So, if you professionals would actually like to study the problem, rather than pretend to be psychiatrists, we’d greatly appreciate it. We are normal people suffering from a problem that isn’t being recognized. This is easily ten times worse than a bed bug infestation because of their ability to generate rapid populations in short periods, trust us. And obviously they are living just fine off us. I obtained a sample from my upper arm the other day. If you want it, I’ll send it no problem, even though ours are identified. So, in short, please step up to the plate, and recognize this issue. It’s pretty muched ruined our lives so far. These things spread easily to car and work. environments, home. etc. And because they are more active at night, good luck with sleep.

      Jane, I sent you a message on Facebook by the way, I had some questions about the mites as we’re trying a new treatment, that we pray works this time, and I had some questions.



  2. Hi Jane. I am a fairly recent resident of Northern California; I’ve been here going on seven years. I had been a chicken owner for over 20 years in the state of Utah. I never had any problems with any kind of infestations until I moved to Mendocino county. I moved into a rental home that also, before my occupancy, acquired a rat infestation due to poor maintenance. I have finally gotten that under control. At this time, I have gotten rid of all my chickens due to a mite infestation, which I believe was started with the rat problem. I had tried everything from diatamecious earth to lice and mites sprays. I finally gave up and got rid of the birds, but now my house and yard are infested. I also have several neighbors with chickens. I have had a pest control company spray the yard and trees as well as bomb the interior of the house. They are experienced with bird mite infestation issues and I believe they have treated it with the appropriate types of pesticides, which I hate to use, but I’m at a loss. The expense is unbelievable. I also spend a lot of time at my sisters house in Suisun City, CA and I think that the mites have migrated to her new home via my dog. Can you give me any ideas on what you recommend for eradication and expected time frame if the regime is followed diligently? How can I avoid reinfestation of my home and pets? Any help would be greatly appreciated. I do construction in Davis, CA from time to time and would appreciate any references for information and/or treatment that you may be able to provide.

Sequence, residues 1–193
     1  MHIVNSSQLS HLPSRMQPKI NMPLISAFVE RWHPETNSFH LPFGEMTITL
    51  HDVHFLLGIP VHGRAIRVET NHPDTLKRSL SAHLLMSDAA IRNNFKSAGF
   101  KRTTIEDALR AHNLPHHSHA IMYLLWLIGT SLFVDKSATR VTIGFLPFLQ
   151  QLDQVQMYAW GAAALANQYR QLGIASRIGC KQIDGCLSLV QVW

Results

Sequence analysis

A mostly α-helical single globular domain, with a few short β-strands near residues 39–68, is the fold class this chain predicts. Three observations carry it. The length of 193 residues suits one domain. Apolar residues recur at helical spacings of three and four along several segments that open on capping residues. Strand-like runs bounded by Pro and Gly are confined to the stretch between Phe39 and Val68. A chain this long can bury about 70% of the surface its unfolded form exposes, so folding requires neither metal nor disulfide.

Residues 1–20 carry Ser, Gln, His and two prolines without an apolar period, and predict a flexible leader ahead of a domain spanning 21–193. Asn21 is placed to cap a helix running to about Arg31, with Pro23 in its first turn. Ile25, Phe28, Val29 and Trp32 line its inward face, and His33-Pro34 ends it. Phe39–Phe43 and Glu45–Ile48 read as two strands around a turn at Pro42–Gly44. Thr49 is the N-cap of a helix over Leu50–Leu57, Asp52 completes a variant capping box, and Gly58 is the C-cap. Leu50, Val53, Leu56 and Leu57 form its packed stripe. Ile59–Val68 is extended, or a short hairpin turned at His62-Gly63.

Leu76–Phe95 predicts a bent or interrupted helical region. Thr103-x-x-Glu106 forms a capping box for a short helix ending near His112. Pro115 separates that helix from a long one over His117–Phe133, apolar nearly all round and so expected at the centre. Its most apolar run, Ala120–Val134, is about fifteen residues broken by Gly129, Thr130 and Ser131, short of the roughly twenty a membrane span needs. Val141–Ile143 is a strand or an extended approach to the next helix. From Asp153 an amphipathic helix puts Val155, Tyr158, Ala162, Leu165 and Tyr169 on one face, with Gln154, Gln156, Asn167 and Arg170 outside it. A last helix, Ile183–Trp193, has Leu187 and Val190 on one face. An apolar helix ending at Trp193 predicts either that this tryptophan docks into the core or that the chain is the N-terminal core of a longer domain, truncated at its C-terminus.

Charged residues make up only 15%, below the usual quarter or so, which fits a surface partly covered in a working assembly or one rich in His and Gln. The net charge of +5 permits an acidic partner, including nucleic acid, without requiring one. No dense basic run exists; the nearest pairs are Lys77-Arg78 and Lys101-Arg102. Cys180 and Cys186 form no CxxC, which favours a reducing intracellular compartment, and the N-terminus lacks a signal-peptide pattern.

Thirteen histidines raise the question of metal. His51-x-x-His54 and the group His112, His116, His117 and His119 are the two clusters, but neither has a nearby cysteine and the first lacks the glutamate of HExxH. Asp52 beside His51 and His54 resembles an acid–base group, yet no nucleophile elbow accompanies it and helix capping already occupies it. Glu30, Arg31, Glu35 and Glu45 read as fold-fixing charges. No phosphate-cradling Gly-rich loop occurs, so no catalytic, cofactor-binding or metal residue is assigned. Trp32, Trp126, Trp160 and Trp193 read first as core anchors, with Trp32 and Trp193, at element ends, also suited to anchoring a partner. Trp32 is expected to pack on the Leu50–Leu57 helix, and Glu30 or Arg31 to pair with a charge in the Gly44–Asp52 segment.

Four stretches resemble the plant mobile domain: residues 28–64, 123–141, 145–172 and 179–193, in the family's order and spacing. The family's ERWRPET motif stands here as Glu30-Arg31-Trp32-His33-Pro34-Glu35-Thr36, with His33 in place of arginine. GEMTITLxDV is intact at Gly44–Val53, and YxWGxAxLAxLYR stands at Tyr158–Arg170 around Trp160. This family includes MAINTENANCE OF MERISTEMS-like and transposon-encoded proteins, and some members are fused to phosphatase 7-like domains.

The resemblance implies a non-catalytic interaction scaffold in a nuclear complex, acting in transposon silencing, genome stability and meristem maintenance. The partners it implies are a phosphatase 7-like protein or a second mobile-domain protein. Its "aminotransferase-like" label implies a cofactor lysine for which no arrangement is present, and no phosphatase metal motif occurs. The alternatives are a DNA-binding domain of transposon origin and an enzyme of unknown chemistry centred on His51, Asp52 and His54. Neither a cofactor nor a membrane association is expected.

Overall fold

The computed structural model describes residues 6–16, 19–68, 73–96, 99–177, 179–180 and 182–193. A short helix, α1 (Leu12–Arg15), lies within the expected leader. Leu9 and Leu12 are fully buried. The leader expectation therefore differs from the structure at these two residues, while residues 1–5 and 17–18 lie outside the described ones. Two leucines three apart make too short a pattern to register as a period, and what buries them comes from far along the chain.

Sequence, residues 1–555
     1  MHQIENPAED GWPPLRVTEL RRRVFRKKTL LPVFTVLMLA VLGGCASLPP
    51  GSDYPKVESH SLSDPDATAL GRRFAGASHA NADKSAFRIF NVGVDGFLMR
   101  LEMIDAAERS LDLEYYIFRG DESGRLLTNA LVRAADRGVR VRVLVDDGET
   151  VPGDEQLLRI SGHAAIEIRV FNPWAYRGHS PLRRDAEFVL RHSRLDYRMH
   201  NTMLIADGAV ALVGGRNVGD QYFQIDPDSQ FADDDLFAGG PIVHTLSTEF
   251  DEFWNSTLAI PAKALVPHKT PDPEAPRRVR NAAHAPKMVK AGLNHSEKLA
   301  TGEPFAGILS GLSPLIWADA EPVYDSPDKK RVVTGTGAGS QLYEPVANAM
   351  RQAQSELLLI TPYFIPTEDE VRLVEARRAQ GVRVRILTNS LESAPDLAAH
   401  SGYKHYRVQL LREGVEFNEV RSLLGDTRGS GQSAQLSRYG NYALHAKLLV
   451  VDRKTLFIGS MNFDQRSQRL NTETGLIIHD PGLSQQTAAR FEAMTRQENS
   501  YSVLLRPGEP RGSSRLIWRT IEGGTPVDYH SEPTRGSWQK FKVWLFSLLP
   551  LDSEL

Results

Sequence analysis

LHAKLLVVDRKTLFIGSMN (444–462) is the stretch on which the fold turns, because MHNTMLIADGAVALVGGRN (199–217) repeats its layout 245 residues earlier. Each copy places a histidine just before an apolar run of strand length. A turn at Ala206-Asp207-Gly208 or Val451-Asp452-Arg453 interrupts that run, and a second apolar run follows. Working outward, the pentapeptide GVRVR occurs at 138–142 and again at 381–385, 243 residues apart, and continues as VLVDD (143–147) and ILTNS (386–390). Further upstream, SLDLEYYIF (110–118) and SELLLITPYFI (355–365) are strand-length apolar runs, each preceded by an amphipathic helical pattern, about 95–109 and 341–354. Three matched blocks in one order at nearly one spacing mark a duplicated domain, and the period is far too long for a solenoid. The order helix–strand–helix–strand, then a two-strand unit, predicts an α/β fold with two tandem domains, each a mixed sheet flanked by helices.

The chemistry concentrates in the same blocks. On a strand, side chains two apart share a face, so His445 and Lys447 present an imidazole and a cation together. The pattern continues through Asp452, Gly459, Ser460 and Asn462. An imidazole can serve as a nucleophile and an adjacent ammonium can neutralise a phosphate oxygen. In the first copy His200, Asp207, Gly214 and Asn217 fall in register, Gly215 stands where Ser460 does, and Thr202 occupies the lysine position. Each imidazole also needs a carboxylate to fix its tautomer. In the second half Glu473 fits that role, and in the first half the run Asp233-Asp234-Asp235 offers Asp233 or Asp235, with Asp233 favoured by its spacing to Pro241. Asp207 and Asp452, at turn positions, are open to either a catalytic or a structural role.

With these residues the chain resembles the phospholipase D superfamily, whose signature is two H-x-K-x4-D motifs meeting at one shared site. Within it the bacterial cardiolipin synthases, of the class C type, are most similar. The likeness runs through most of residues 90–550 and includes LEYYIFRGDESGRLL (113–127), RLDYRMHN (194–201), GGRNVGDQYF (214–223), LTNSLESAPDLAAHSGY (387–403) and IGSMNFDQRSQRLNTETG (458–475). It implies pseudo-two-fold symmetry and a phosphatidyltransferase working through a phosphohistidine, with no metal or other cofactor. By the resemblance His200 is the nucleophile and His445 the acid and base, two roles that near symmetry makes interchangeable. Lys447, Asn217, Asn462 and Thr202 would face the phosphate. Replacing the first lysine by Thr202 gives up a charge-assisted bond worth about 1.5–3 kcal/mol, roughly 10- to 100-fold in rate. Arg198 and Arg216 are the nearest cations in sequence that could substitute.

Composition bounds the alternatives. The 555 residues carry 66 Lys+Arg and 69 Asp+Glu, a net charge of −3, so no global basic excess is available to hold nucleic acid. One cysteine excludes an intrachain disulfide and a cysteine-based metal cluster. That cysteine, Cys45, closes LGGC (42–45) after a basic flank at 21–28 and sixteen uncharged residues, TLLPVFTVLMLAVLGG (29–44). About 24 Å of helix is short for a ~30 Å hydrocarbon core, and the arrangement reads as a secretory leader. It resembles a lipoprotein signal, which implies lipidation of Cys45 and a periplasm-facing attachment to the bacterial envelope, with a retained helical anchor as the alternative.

1. Hello Cyndi,

      Very sorry to hear of your problems with mites. And, yes, it is quite possible for mites that started on rats to migrate to chickens and humans. There is evidence now that certain species of mites are able to shift hosts fairly readily.

      Elsewhere on this site is a set of protocols for mite eradication. I hope you find the protocols useful. Unfortunately, time frame is tough to predict, and even tougher with multiple locations and hosts. It will be helpful if you and your sister maintain the same protocol. And you did not mention what kind of dog you have, but the longer fur, the more difficult to kill off the arthropods. You might consider getting a car without carpeting like a Honda Element, given how much time you and your dog apparently spend in the car.

      Dehumidify, simplify (as in throw away most of what you own), and clean a lot.

      Do you have a specimen? If so, you can take it to the UC Davis Veterinary School when you are in town and get an identification. This will enable your pest control operator to use a wider range of (really nasty) chemicals.

      Wishing you the best with this rotten situation.
      Take care,

  3. We have what I believe to be a bird/rodent mite issue. Only myself and my daughter and maybe the one dog is effected. My husband is not and my family and him are calling me crazy. I started getting bites and itching in mid August. We then found a large empty birds nest taking up our whole sofet and into the attic. I found a couple mites under the micrscope and sent one off for Id but the slide broke in transit. I’m a veterinary professional and im being blown off. It’s very frustrating. Now I can feel them in my ears etc. We live on twenty acres, rodents get in as well. I just bought an ozone machine to try bc Noone will tent without a positive Id. I have taken them to work and my moms house. Of course no one iseffected there so once again they blow me off. This is so scary bc I can only see them under a micrscope and keep trying to use tape to get one offmy skin for proof, but I cant!!! I look at the tape and now can’t find one. I’m not sure if they don’t come off with the tape or if they do but then get off the tape. This IS so frustrating
    Also we have a lot of mold so I thought maybe soringtails are also in the environment.